Notes on Parenting

Insights for parenting babies, toddlers, teens, and young adults.

Monday, November 25, 2013

Clean Up the Clutter and Create Some Calmness

by Jason Caillier


Several months ago, we moved to a new city in a new house. Having lived in our previous house for about seven years, we became accustomed to everything having "its place." If I needed a hole punch, I knew exactly where to find it: second shelf on the lower left-hand side of the desk. If I needed an air pump to inflate a beach ball, I knew exactly where to look: office closet on the top shelf in a box labeled fun. If I felt like reliving the early nineties by wearing a shiny reflective shirt reminiscent of a disco ball, I knew exactly where to go: bedroom closet on the far left of the hanging rod.

Once we moved, all of our stuff had to find a new place to "live." (Fortunately, I was able to rescue my shiny disco ball shirt from the donate pile my wife had created.) While the new house has a bit more square footage, it's just laid out differently and is missing rooms or places to which we had become accustomed. The most noticeable missing space is a separate office. We have plans to do a small remodel in the dining room which will add built-in cabinets, a desk, and bookcases that will create a place for about a dozen boxes that are yet to be unpacked. It will turn our dining room into a multi-function room that with doors on the cabinets closed or open can make it formal or functional, respectively.

Well, in the rush of moving in and starting a new job, you can guess we left a small corner of the house a little cluttered with boxes. They landed there with all intentions of unpacking or moving them "next week." Well, any parent who has moved can attest to the fact that life gets busy and it's easy to forget something like these boxes for a month, or two, or three….or six.

We are approaching the install date of the new cabinets, so I stayed up late one night to clear out the corner. The next day, my wife woke up and was pleasantly surprised, but my real surprise came later in the day. My son did not notice the area until he came home from school, but once he did notice it, he couldn't stop commenting on how the room looked bigger and cleaner. While we ate dinner that night, no less than seven times did he comment on the uncluttered space. You could sense a positive vibe about him.

The Research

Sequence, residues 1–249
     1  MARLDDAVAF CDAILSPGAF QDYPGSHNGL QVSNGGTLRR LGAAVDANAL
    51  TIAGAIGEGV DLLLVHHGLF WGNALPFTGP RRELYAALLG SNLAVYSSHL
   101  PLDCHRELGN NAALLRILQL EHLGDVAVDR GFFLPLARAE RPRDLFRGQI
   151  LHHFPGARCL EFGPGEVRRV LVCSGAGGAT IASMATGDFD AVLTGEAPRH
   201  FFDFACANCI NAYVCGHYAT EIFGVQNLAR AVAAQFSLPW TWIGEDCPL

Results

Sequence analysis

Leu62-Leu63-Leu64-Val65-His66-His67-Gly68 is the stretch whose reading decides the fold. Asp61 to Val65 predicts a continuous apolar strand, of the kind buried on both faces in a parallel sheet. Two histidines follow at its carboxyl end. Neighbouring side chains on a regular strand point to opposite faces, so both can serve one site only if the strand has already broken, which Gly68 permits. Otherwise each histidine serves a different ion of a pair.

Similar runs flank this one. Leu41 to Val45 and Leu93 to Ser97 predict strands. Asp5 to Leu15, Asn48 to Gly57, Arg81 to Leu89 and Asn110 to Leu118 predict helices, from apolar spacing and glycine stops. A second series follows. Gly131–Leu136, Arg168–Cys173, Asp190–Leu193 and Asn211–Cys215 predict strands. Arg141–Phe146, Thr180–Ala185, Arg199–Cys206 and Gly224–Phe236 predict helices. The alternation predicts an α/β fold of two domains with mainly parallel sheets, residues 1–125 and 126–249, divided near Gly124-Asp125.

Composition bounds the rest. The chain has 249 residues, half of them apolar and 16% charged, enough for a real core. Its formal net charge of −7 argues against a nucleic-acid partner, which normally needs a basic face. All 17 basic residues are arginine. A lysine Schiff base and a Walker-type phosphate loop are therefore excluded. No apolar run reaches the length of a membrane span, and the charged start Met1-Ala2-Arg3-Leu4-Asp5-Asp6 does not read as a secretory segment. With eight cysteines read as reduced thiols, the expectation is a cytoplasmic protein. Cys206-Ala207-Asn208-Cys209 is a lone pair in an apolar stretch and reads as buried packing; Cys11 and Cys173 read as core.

Little did I know, researchers, Carly M. Thornock, Larry J. Nelson, Clyde C. Robinson, and Craig H. Hart, had been studying The Direct and Indirect Effects of Home Clutter on Parenting. Their research indicates a connection between household clutter and maternal authoritarian parenting. Authoritarian parenting is characterized by strict rules, high expectations, little warmth, and fewer choices for children. The authors note that maternal authoritarian parenting is often related to "unfavorable outcomes for children" (786).

The study examined 177 mothers of children between the ages of 3 and 5 years old and found that home clutter was "strongly related to child emotionality" which influences a mother's "tenseness/nervousness" and leads to a connection to instances of a mother's higher level of authoritarian parenting. In short, the research suggests that a cluttered house influences the emotional stress level of children which can in turn influence how a mom relates to them. The authors say it this way, "mothers are most affected by the clutter of their homes if their children are fussy and reactive" (790). While moms are able to deal with the stress of clutter, when combined with the fussiness of a child, it can all add up to cause problems for the mom.

This is an interesting finding that helped me understand my situation. My wife is FAR from being an authoritarian parent, and she has been very patient with the clutter surrounding our move. She's been okay with it, knowing that we have a plan for what is being built this month. Our kids, however, do not process things the same. When I cleaned up that corner to prepare for the install, I anticipated my wife to be the one to comment the most about the cleanup, but was surprised that it was our kids who were more impacted. The pleasantness in our kids that seemed to result from a little clean up was great in that it took away a stress we really did not realize we were experiencing.

So, if you have a little clutter in your home, take a moment to clean it out. In so doing, you may help create a clear environment that leads to a little less stress for everyone. You might as well ask the kids to help. You can convince them by telling them that research says it's good for them.

In which area of your living space are you going to clear away the clutter?

Thornock, C. M., Nelson, L. J., Robinson, C. C., & Hart, C. H. (2013). The direct and indirect effects of home clutter on parenting. Family Relations: Interdisciplinary Journal for Applied Family Studies, 62(5), 783-794.

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